The runway is nestled in the hills so that when you are at lower altitudes, especially when using Runway 23, it actually disappears behind the hills!”



The site of the Rowan County Airport is located southwest of the intersection of C Thompson Road & Airport Road, appropriately enough.

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Whitesburg Municipal Airport, Whitesburg, KY

37.23, -82.87 (Northeast of Knoxville, TN)

The Whitesburg Airport, as depicted on the March 1966 Winston-Salem Sectional Chart (courtesy of Chris Kennedy).

Photo of the airfield while open has not been located.



According to Mark Collins, this small general aviation airport also may have been known as Isom Airport.



Whitesburg Airport was evidently established at some point between 1964-66,

as it was not yet depicted on the April 1964 Winston-Salem Sectional Chart (according to Chris Kennedy).

The earliest depiction which has been located of the Whitesburg Airport

was on the March 1966 Winston-Salem Sectional Chart (courtesy of Chris Kennedy).

It depicted Whitesburg as having a single 2,500' paved north/south runway,

along with a VOR navigational beacon.



James Wright recalled, “The Whitesburg Airport was built on the leveled-off top of a hill which had been strip-mined for coal.

As a just-licensed VFR pilot on a long cross country flight in a Cessna 150, I was caught in a snowstorm on 12/23/70,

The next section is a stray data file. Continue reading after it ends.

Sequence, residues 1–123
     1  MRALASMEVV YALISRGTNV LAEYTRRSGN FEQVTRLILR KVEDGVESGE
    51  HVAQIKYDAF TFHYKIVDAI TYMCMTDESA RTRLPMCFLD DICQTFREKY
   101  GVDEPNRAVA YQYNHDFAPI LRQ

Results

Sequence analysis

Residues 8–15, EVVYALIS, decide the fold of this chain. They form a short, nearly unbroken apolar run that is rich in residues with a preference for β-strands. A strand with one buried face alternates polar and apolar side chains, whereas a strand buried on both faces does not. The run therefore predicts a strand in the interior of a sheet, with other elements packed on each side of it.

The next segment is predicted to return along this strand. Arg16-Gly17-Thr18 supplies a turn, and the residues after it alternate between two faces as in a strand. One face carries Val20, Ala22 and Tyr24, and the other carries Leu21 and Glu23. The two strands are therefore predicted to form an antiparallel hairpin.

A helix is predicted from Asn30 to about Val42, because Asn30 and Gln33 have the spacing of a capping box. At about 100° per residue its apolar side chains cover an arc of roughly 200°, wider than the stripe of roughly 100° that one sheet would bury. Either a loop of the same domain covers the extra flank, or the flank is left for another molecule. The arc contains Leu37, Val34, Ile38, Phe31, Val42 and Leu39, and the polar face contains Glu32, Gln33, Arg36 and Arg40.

and landed there to escape lowering conditions & high winds. At that time, it was operational, but unattended.

Fortunately for me, the Letcher County sheriff (with the unforgettable name of Maynard Hogg) was a pilot with a plane there,

and had heard me circling, so he drove up the steep road in a 4-wheel drive vehicle & took me into Whitesburg to a hotel.

The next morning, he delivered me back to my plane. I will always remember his kindness.”



The last aeronautical chart depiction which has been located of the Whitesburg Airport

was on the August 1976 Cincinnati Sectional Chart (courtesy of Chris Kennedy).

It depicted Whitesburg as having a single 2,500' paved north/south runway.

The adjacent Whitesburg VOR navigation beacon had been upgraded

at some point between 1966-66 to a VORTAC (combination VOR & TACAN beacon).



The 1978 USGS topo map depicted “Whitesburg Municipal Airport” as having a single paved runway.



The 1992 USGS topo map depicted “Whitesburg Municipal Airport” as having a single paved runway

with a paved ramp & a single small building on the west side of the field.



As seen in a 1995 USGS aerial view looking southeast, the runway at the former Whitesburg Airport